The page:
Nothing can start a war quicker in a preschool classroom than different colored chairs. Some kids will refuse to sit unless they can claim their preferred color. If someone else has that color, an argument ensues. There may be tears. Or a tussle. Teachers must arbitrate.
To adults, this seems like a silly thing to fight over. Yet we tend to battle over things that are equally insignificant — and fail to fight for things that really matter.
In the wake of recent school shootings, we see politicians fighting over gun laws, the use of social media, and how to detect mental illness. They fail to see the deeper issues: how to reach the lonely kids who have no godly influences in their lives; who have no moral values instilled in them; who have no God to turn to when they hit life’s road-bumps. Kids who are already broken by the time they reach their teens and want to lash out at those who have hurt them.
Christians, we should be mounting a battle of prayer against the forces that seek to destroy so many youth. The battle is a spiritual one—for the hearts and minds of the next generation. Pray for those who are reaching out in various ministries to troubled youth. Pray for God’s love to invade our schools, communities and homes. Pray that the broken will be healed.
Watching Olympic figure skaters can be a nail-biting experience. As they prepare for high leaps, turns and spins, you hold your breath. Will they make it? Will they fall?
Sadly, falls will come. Points will be lost. But the program isn’t over as long as the skater recovers and continues. You can be sure the performer will be working on that element to assure future success!
In the world of competition, winning is everything. But in the Christian life, losing can be winning! This is how the Apostle Paul saw it:
“But whatever were gains to me I now consider loss for the sake of Christ. What is more, I consider everything a loss because of the surpassing worth of knowing Christ Jesus my Lord, for whose sake I have lost all things. I consider them garbage, that I may gain Christ” (Philippians 3:7,8).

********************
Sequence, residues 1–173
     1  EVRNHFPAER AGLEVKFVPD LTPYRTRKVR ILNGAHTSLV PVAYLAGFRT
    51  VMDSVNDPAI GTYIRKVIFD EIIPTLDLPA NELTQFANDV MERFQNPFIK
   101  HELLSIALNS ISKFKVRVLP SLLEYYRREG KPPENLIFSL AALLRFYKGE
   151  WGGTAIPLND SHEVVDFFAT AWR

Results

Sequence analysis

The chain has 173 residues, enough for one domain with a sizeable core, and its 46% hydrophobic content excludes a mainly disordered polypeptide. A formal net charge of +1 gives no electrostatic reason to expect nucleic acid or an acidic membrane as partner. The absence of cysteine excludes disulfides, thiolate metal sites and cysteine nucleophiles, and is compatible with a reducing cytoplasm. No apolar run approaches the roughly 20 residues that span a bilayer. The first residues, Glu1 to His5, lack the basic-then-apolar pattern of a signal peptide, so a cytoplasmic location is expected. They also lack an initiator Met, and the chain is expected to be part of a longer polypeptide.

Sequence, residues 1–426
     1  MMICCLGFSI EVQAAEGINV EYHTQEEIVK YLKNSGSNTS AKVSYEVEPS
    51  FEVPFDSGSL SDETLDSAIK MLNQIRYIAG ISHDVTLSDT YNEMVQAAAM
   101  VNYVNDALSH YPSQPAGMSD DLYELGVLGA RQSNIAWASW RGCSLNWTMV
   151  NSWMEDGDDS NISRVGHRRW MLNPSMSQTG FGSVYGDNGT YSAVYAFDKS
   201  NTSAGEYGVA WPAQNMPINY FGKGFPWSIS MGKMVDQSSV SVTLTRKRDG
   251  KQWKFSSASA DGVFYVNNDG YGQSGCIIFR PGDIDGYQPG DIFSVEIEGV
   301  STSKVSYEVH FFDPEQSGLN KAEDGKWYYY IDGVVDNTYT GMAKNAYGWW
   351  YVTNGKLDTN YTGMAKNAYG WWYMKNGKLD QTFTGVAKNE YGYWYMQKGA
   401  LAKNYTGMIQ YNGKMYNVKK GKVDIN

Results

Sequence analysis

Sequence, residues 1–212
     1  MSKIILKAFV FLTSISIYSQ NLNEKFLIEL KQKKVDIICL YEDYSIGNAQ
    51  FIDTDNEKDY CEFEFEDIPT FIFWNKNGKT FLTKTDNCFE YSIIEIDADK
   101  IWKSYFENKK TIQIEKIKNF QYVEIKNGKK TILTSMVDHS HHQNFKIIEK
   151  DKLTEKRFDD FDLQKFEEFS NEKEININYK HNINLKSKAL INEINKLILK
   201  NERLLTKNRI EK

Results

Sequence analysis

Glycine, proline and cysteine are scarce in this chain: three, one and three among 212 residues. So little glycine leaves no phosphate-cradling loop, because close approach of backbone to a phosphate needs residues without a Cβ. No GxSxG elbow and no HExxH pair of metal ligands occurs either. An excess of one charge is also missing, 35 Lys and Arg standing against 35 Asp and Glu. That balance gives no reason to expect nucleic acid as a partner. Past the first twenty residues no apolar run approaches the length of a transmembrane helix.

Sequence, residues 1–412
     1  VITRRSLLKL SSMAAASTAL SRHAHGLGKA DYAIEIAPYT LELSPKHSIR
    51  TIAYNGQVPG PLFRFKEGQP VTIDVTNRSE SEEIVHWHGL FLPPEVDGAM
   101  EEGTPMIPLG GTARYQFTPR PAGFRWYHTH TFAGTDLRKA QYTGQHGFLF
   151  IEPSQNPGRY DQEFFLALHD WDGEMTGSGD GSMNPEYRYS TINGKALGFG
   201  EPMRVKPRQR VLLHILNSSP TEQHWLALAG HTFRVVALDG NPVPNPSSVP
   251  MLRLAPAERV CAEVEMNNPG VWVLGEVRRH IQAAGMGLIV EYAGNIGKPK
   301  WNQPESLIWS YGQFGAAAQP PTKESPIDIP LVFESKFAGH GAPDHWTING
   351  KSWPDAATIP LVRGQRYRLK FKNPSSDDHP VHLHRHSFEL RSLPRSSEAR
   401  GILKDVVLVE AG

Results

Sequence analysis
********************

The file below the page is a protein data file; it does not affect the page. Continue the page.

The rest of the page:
Paul was willing to abandon worldly success to gain an eternal prize. He understood that one can gain the world and lose his own soul. He chose to forget the past and to press forward. Losing can be winning when we learn from our mistakes, redirect our energies, and focus on what really matters. Stumbling blocks can become stepping stones to even greater victories.
Monuments. Trophies. Medals. Certificates. While they may not hold monetary worth, they serve an important purpose. These markers of past victories remind us of battles fought and won. They point to goals achieved and challenges overcome. They inspire us to reach higher.
The Ark of the Covenant was a symbol of victory for the Israelites. It was their guide through the wilderness. The priests carried it to the Jordan River— and the waters parted. They carried it when they marched around Jericho — and the walls fell! When they carried it into battle, in accordance with God’s direction, their enemies were defeated. It was more than a good luck charm. It represented the very presence of God. It reminded the Israelites that God was fighting for them. And it struck fear in the hearts of their enemies.
For God’s people today, His Presence is not a symbolic object, but a living reality. It is our source of peace and strength.
When we face personal challenges and obstacles, our key to victory is to carry the God’s Presence into the battle. When our hearts are tuned to God’s purposes through prayer and worship, we can rest in the assurance that the battle is not ours, but His. His solution will be the best and we are the winners.
The winter Olympics will soon begin in South Korea. Athletes in every sport will be racing for the finish line. Those who cross first will be rewarded with gold medals and international fame.
But victory is more than crossing the finish line first. It includes all the steps you took to get there. The dedication. Hours of practice. Maintaining fitness. Focus. Faith. In this sense, every serious athlete is a winner.
In Christian circles, not every faithful believer will be seen in the spotlight or declared “hero of the faith.” Their deeds of service may go unnoticed. Their sacrifices unrewarded. Their contribution may be deemed insignificant. Yet these are the steps that will finally lead to eternal victory.
For the Christian, “crossing the finish line” means more than claiming a medal or achieving fame. It means entering the presence of God and hearing Him say, “Well done.” Our heroes in the Bible aimed for that reward, laying aside any earthly ambition. Their example challenges us to aim higher and to keep running toward that goal.
As the Apostle Paul pointed out, “Everyone who competes in the games goes into strict training. They do it to get a crown that will not last, but we do it to get a crown that will last forever.”